Yra van Dijk

Dr. Yra van Dijk (1970) is professor of Modern Dutch Literature and guest-professor at Leiden University. After publishing volumes and monographs on Late-postmodern literature (Reconsidering the postmodern. European Literature Beyond Relativism, 2011), on Intertextuality and on Shoah-Memory in the novel, she is now researching trauma, narrative and meaning for a next monograph: Structures of Signification in Dutch-Caribbean Literature. Recently, she has become a public voice in the debate on better and more diverse literary and reading education in the Netherlands.

Chantal Ariëns

Sanneke van Hassel

Sanneke van Hassel (Rotterdam, 1971) has published six collections of short stories, and two novels. For her first two story collections IJsregen (Ice Rain, 2005) and her collection Witte veder (White feather, 2007) she received the BNG New Literature Prize 2008. In 2013, she was awarded the biannual Anna Blaman Prize for her entire oeuvre. Her story ‘Indian Time’ was included in the Penguin Book of Dutch Short Stories (2016). A lot of her work is inspired by her hometown Rotterdam, about which she has written non fiction too, often in commission. In cooperation with writer Annelies Verbeke she operates as an ambassador of the short story. Together they made the collection To the City (2012) with contemporary short stories from all over the world. From 2018 she wrote for Dutch newspaper NRC about special things people do in their free time and from 2022 about interesting kinds of volunteer work.

Koen Broos

Rachida Lamrabet

Rachida Lamrabet (1970) is a Moroccan-Belgian writer and lawyer. She debuted in 2007 with the novel Vrouwland (Women’s Country). For this book, she recieved the price for most promising debut in Flanders in 2008. For her short story collection Een kind van God (A Child of God, 2009) she received the BNG Nieuwe Literatuurprijs 2010 (BNG New Literature prize). Her second novel De man die niet begraven wilde worden (The Man Who Didn’t Want to Be Buried) was published at De Bezige Bij in 2011. In 2018 her novel Vertel het iemand (Tell it to Someone), the story of a young Moroccan man who was a soldier in the French army during World War I, was published. For this novel she received the Ultima-prize in 2019, the Flemish Stateprize for literature, as well as the prestigious Culture prize of the University of Leuven. Lamrabet currently works as practice assistant in discrimination law at the Legal Clinic of the Faculty of Law at Ghent University. She also teaches at Odisee College in Brussels and at Sint Lucas school of Arts in Antwerp. Lamrabet has also written for theatre.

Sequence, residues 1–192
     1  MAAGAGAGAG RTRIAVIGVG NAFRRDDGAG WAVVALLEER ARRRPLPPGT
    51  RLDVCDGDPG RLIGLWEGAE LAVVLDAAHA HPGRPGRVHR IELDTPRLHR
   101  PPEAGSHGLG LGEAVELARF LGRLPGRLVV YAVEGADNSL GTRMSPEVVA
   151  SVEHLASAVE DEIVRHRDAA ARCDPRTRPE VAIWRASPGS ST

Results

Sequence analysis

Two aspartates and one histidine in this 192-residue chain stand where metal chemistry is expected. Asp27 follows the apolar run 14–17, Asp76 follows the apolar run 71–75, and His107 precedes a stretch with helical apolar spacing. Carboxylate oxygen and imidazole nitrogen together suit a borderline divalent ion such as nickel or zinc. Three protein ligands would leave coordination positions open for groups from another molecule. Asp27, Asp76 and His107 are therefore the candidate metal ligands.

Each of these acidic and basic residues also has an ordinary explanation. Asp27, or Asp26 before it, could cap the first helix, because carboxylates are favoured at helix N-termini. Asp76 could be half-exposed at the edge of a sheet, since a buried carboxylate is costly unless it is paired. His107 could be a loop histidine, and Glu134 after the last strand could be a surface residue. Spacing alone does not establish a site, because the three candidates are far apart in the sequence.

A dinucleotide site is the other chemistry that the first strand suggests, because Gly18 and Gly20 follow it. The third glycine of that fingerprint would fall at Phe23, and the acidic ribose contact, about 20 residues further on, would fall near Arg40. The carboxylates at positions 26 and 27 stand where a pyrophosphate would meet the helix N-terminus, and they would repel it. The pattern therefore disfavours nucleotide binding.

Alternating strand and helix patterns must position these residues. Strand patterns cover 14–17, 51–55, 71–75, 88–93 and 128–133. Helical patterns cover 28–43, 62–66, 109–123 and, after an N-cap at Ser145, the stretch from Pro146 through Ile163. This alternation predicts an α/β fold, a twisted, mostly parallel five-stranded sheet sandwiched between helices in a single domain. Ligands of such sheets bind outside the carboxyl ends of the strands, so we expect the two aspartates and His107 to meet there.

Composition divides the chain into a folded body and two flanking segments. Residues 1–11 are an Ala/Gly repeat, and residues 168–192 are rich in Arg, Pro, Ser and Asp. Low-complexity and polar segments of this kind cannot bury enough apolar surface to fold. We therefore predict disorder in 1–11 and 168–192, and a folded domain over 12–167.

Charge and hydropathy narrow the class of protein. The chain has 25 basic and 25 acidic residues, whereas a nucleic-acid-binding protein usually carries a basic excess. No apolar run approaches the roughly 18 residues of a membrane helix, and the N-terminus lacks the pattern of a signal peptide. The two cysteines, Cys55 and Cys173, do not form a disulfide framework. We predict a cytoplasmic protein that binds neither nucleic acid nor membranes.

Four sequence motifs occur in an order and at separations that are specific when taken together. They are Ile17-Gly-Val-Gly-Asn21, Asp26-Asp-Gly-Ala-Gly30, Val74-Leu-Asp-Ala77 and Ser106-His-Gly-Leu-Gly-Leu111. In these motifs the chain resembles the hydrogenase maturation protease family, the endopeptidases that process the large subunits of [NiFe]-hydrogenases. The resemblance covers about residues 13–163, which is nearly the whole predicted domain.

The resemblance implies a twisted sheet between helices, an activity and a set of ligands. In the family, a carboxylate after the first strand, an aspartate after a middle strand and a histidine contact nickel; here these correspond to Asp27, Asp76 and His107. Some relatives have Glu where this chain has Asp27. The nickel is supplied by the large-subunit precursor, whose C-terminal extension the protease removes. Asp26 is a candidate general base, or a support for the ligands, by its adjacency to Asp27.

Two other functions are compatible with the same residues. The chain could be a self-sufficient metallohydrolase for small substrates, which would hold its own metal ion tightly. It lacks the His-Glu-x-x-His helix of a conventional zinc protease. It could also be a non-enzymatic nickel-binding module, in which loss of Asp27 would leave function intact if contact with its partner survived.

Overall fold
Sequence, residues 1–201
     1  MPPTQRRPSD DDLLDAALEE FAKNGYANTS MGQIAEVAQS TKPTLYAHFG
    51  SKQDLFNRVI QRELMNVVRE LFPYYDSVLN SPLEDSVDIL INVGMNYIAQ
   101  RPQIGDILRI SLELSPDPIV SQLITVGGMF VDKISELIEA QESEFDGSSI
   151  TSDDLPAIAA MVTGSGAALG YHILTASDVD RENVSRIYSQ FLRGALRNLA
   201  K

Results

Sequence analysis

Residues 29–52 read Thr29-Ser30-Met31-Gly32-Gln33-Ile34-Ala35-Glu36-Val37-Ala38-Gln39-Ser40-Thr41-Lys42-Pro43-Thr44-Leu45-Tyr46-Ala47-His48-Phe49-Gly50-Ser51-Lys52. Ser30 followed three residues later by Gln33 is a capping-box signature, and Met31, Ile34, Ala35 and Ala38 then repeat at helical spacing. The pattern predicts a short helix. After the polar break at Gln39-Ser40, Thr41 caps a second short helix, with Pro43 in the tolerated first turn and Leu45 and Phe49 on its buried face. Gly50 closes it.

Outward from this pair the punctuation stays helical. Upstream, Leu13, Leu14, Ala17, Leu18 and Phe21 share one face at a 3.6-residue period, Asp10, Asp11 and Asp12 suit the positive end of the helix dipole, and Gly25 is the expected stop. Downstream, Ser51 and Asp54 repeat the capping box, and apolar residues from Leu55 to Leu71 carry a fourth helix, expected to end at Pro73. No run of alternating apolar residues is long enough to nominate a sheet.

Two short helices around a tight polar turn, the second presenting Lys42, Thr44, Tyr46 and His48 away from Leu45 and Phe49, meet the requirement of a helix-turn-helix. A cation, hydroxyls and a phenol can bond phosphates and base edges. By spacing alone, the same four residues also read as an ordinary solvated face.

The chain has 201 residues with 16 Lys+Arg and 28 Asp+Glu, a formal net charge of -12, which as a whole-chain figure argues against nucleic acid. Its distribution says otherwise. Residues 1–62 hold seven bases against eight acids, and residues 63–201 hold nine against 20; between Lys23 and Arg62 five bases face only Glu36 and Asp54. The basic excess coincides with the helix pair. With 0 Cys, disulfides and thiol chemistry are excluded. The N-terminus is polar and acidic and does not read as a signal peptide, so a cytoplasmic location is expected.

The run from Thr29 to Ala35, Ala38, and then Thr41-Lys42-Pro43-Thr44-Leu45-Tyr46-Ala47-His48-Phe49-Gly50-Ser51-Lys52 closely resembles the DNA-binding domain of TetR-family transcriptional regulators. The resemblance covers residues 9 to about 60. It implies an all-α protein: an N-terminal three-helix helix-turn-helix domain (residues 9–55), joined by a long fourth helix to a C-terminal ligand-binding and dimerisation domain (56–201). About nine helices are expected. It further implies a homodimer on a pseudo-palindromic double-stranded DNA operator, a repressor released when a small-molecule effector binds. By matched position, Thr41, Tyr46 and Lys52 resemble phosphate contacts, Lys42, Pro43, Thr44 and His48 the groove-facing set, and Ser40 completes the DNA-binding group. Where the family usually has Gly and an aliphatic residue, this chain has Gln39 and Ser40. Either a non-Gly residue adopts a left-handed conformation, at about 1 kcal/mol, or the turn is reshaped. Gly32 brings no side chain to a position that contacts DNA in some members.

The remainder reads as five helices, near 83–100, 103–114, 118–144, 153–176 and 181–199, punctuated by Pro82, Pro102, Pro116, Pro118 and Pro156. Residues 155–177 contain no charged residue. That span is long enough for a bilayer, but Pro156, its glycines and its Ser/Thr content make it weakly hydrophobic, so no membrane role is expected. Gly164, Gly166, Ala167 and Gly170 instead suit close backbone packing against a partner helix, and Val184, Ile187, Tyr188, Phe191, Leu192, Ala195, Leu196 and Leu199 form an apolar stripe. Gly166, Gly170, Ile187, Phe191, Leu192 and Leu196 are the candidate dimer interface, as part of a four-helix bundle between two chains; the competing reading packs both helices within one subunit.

Jannah Loontjens

Jannah Loontjens (1974) is a novelist, poet, and philosopher, who regularly writes for Dutch newspapers and magazines. Her novels include Good Luck (2007), How Late Actually (2011, nominated for the Halewijn Literature Prize), But Then Again (2014, translated into Danish and Hungarian) and Who Knows (2018). Her poetry collections include Variants on Now (2002), The Incredible Shrinking (2006, nominated for the Eline van Haaren Prize), and It’s You (2013). Her non-fiction includes the autobiographical philosophy book Roaring Nineties: Or How Philosophy Changed my Life (2016, nominated for Best Spiritual Book 2016), as well as My Life is More Beautiful Than Literature (2013) and When it Comes to Love (2019), a travel story tracing the footsteps of writer Frida Vogels. Her latest non-fiction book, Guilty: An exploration of my conscience (2020), develops and reflects on many of the themes of her fiction in her own authentic voice and was nominated for the philosophy prize ‘Socrates Wisselbeker’. In May 2023 her newest novel appeared: And Then He Was Gone (nominated for the Boon Literature Prize), a story taking place in Sweden in the seventies and eighties leading up to the day on which prime minister Olof Palme was murdered.

Fjodor Buis

Christine Otten

Dutch author and playwright Christine Otten (1961) wrote several groundbreaking novels such as The Last Poets (2004), which was translated in English and Arabic and One of us (2020), based on her experiences as a writing coach inside a Dutch prison. She invented and wrote the Prison Monologues, theater based on the lives on (formerly) incarcerated people. Several novels Otten wrote have been adapted into plays. Her work is socially involved and often pioneering. She explained her working-method and ideas about literature (and art) in the essay The Other Doesn’t Exist (2022). Otten founded Blocknotes, an non-profit organization that empowers incarcerated people in developing their creative writingskills. Her new novel will be published in the summer of 2024: Once I’ve Told You My Story.

Sébastien van Malleghem

Gaea Schoeters